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I've seen the definition of probability mass function and descrete random variable on wikipedia:

In probability theory and statistics, a probability mass function (pmf) is a function that gives the probability that a discrete random variable is exactly equal to some value.

When the image (or range) of $X$ is finite or countably infinite, the random variable is called a discrete random variable and its distribution can be described by a probability mass function which assigns a probability to each value in the image of $X$.

But how is the image of $X$ countably infinite?

It seems to lead to a fact:if $X$ is uniform on $\mathbb Q$,the pmf of $X$ is f(x)=0(Because $\mathbb Q$ is inifinity large,it must be zero).

So,$\int_{-\infty}^\infty{f(x)}=0$.

But I know a property of pmf is $\int_{-\infty}^\infty{f(x)}=1$,it is also written in wikipedia:

Suppose that $X: S → A (A ⊆ \mathbb R)$ is a discrete random variable defined on a sample space $S$.Thinking of probability as mass helps to avoid mistakes since the physical mass is conserved as is the total probability for all hypothetical outcomes x:$$\sum_{x \in A} f_X(x)=1$$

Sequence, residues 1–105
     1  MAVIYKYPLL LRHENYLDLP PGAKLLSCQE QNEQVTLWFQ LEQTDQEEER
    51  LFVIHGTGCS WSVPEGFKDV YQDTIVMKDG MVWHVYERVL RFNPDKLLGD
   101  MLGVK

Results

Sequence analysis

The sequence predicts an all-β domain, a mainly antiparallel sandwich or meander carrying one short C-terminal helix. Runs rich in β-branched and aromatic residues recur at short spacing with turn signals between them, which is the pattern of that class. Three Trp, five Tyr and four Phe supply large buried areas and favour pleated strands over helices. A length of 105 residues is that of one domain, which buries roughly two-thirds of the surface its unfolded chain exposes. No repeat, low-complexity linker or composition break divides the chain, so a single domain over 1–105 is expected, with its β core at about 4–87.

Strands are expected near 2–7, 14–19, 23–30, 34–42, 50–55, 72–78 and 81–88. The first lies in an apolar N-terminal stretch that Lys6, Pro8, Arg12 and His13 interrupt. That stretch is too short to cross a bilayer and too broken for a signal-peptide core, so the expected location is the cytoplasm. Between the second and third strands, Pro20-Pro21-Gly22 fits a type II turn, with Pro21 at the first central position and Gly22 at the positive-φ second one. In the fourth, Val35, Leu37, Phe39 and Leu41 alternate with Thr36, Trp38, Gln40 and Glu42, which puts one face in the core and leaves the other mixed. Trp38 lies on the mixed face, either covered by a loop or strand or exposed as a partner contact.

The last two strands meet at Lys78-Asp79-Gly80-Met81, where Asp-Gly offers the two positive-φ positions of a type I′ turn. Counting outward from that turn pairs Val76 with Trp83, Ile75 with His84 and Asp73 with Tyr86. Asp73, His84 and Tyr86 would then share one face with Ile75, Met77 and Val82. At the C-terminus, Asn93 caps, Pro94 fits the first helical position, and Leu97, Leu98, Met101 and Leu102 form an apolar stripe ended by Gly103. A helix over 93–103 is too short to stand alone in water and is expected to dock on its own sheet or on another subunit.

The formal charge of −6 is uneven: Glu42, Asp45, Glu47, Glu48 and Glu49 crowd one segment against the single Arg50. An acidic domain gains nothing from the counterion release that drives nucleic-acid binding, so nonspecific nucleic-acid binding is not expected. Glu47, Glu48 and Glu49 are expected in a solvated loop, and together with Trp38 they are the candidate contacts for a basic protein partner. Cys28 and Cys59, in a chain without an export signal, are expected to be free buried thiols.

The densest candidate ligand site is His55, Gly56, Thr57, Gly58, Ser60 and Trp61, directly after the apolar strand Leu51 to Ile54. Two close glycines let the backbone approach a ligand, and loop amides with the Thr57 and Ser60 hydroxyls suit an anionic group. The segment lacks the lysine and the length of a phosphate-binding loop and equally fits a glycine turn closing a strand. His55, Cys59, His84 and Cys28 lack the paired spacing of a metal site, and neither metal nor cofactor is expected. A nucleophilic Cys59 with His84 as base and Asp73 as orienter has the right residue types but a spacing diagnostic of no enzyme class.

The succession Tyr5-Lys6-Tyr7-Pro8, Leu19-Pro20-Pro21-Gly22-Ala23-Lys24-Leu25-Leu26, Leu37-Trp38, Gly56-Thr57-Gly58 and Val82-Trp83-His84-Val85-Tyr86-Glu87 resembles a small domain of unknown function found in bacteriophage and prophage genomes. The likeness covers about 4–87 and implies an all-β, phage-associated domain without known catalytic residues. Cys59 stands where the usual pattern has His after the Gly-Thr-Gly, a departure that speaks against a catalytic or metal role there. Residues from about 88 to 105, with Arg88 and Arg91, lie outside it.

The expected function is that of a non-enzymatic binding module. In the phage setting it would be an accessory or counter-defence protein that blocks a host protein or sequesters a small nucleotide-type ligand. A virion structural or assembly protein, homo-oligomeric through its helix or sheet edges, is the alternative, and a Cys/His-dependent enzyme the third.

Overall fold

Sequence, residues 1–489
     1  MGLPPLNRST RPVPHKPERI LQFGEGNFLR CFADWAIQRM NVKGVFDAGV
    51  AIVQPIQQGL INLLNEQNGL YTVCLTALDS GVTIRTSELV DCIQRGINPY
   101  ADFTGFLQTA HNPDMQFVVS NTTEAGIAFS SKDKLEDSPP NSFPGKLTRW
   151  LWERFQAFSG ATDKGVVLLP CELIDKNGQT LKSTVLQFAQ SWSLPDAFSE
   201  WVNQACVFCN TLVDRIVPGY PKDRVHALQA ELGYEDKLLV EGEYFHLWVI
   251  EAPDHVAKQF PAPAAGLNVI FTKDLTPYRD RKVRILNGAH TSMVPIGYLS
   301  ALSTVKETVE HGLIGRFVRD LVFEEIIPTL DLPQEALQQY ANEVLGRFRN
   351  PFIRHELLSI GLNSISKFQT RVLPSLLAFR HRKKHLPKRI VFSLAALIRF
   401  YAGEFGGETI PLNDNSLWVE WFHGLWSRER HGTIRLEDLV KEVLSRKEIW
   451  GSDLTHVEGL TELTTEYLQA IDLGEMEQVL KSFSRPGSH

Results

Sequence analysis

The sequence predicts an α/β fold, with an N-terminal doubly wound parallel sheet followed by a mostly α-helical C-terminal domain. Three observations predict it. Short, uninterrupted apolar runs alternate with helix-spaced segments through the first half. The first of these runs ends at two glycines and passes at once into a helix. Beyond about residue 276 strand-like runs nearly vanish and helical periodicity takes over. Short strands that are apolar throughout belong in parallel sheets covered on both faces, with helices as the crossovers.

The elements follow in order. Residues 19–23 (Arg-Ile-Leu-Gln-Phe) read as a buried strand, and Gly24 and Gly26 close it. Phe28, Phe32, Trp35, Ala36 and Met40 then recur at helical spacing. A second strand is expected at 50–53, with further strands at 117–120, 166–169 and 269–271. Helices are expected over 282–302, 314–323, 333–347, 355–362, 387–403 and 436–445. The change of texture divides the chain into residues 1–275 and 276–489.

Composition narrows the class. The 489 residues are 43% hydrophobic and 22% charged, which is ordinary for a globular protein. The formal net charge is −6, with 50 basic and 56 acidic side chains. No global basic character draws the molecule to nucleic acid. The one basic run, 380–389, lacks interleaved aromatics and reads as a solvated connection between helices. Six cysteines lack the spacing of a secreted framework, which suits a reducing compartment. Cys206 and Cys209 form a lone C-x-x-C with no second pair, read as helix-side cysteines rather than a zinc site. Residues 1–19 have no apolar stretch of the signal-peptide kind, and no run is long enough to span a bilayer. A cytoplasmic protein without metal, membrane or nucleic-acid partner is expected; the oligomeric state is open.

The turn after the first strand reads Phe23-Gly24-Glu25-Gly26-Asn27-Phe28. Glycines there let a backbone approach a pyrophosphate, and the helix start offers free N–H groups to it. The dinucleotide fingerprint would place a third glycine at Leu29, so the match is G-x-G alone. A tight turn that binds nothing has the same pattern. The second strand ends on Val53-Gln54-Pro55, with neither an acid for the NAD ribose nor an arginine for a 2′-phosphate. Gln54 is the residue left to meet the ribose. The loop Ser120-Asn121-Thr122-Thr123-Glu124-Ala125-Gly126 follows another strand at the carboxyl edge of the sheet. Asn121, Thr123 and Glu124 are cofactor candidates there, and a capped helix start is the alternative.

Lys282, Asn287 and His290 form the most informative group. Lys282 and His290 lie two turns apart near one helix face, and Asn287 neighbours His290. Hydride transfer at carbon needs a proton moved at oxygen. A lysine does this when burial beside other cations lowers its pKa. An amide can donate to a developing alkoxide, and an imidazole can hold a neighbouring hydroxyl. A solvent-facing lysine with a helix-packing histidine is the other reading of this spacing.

So where does error happen?

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    $\begingroup$ The error is that you have assumed a uniform distribution exists for infinite sets: the contradiction you produce shows that such a distribution cannot exist. $\endgroup$ – Chappers Apr 11 '17 at 3:48
  • $\begingroup$ @Chappers thx :3 $\endgroup$ – Taa Apr 11 '17 at 4:51

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